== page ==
When it comes to products and services, reliability, availability, and maintainability are often grouped as desired attributes. It happens so often that they have their own grouped acronym: RAM.

The terms are often used to describe hardware and software products. It’s important to remember that each word has its distinct meaning that usually runs the risk of getting lost. To make sure that each product and service we build ticks every box, we need to understand each term on its own.

Here we have each attribute in its own right, with examples to further explain their significance. Read on to discover why each feature is essential and why they are often grouped.

Definition of Reliability

The definition of reliability is the probability of a piece of hardware or software performing its intended purpose well and for a certain amount of time. Of course, different systems will have their own criteria for what counts as ‘working well’ and different amounts of time expected.

Working out reliability is simple, based on this equation: operation time (hours) divided by the number of failures. For example, let’s look at a piece of AI software that is supposed to analyze and sort data in the background of a DevOps engineer’s day-to-day activities.

The software will be running for approximately eight hours a day, the length of the engineer’s working hours. In one day, if the software made ten mistakes, the software’s reliability would be measured at 0.8, according to the equation above.

Reliability is an important attribute for any product or service. No one wants to feel like they need to be constantly checking on a system. It needs to be reliable enough that they don’t even need to check on it; they just know that it’s doing the job it’s intended for.

Definition of Availability

Next up is the definition of availability. Availability refers to the probability that the hardware or software in question is operational and ready to use. It’s also often known as the time it’s expected to function. 

There is also an equation to determine availability as a percentage. It involves dividing the actual working time by the scheduled working time and multiplying the result by 100 to reach a percentage.

The target for availability is usually higher than 99.9%. There should be a reasonable expectation that a system will be ready to use when needed. Let’s once again look at an example, this time of a search tool.

Suppose the search tool is scheduled to be in use for ten hours a day but is available to users for nine and a half hours a day; that gives us an availability of 95%. Being below the target level, it might be worth looking into where this missing half-hour comes from and what can be done to solve it, in this case.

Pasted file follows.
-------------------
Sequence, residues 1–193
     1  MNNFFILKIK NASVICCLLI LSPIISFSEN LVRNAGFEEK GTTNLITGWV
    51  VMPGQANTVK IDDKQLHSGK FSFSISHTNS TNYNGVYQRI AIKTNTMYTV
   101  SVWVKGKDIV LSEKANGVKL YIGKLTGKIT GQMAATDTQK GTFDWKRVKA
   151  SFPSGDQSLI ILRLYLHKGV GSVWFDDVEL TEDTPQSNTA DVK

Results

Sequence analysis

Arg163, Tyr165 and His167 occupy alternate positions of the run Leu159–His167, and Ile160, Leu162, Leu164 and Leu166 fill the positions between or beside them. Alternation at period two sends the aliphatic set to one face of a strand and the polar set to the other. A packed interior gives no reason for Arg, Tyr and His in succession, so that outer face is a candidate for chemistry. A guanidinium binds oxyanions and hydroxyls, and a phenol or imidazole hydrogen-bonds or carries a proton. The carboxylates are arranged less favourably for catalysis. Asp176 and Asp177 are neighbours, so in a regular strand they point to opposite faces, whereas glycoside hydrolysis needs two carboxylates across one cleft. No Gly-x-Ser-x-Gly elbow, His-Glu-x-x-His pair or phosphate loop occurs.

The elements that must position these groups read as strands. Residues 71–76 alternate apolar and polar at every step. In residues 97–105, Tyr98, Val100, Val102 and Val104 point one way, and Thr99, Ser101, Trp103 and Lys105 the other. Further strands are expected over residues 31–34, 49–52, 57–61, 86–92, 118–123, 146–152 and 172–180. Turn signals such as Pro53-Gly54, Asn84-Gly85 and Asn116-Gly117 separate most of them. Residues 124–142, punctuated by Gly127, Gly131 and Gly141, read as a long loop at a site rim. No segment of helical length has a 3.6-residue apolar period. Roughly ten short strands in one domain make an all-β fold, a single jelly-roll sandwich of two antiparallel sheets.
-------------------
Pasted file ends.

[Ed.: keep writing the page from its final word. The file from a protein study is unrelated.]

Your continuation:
Availability goes hand in hand with reliability: for something to be working reliably, it also needs to be available to its users. When it comes to reliability vs. availability, it is often difficult to have one without the other.

Nonetheless, they are still far from interchangeable. Understanding how both affect one another is vital for seeing how they can have an impact on the software or hardware as a whole.

Definition of Maintainability

Finally, we reach the meaning of maintainability. Maintainability refers to how much time or resources are required to fix failures. It’s also known as serviceability and essentially measures how easily something can be repaired.

When a piece of hardware or software has high maintainability, it has a relatively low repair time. For example, if a website widget uses basic code, there should be multiple people who know how to fix it. That way, the repair time will be fast, and few resources are needed for a repair.

If the element in question were a more complicated piece of hardware that needed specific parts, then the repair time would be much longer. This would lead to much lower maintainability. 

The Intersection of Reliability, Availability, and Maintainability

All three of these criteria are equally important and often work hand in hand. Availability means that something is operational, reliability means it’s likely to work correctly, and maintainability implies that, even if something does go wrong, it can be fixed easily.

Altogether, reliability, availability, and maintainability (RAM) can be used to assess a system or product’s overall effectiveness. RAM often forms the basis for software or hardware appraisals and can help map progress for ongoing projects.

For example, if a DevOps team works on an ongoing piece of software with many different elements, they might use RAM to assess how each attribute is faring. When used in day-to-day situations, RAM can help to identify any weak spots.

Plus, looking at each attribute of RAM individually can help teams to spot what aspects might need more work. If a piece of software is easy to fix and is always online but rarely achieves the desired result, the team will know to focus on reliability for future revisions.

All three RAM attributes go hand in hand, but it’s important to acknowledge what each one signifies individually. The three terms are far from interchangeable. Engineers can only enact successful changes when they understand precisely where change is needed within a product.

Once you know how the three work together, it becomes much easier to identify problem areas and streamline processes. RAM is a useful tool in making your data work for you.

Applying to DevOps

The more you know about your offerings, the better you can refine and improve upon them. Using reliability, availability, and maintainability to track progress and quantify results only works if you’ve got the data to back it up.See how you can harness machine data’s power to analyze various data types in one platform with Loqiq. Get started with a quick start guide to see how it can help your team make their data go further.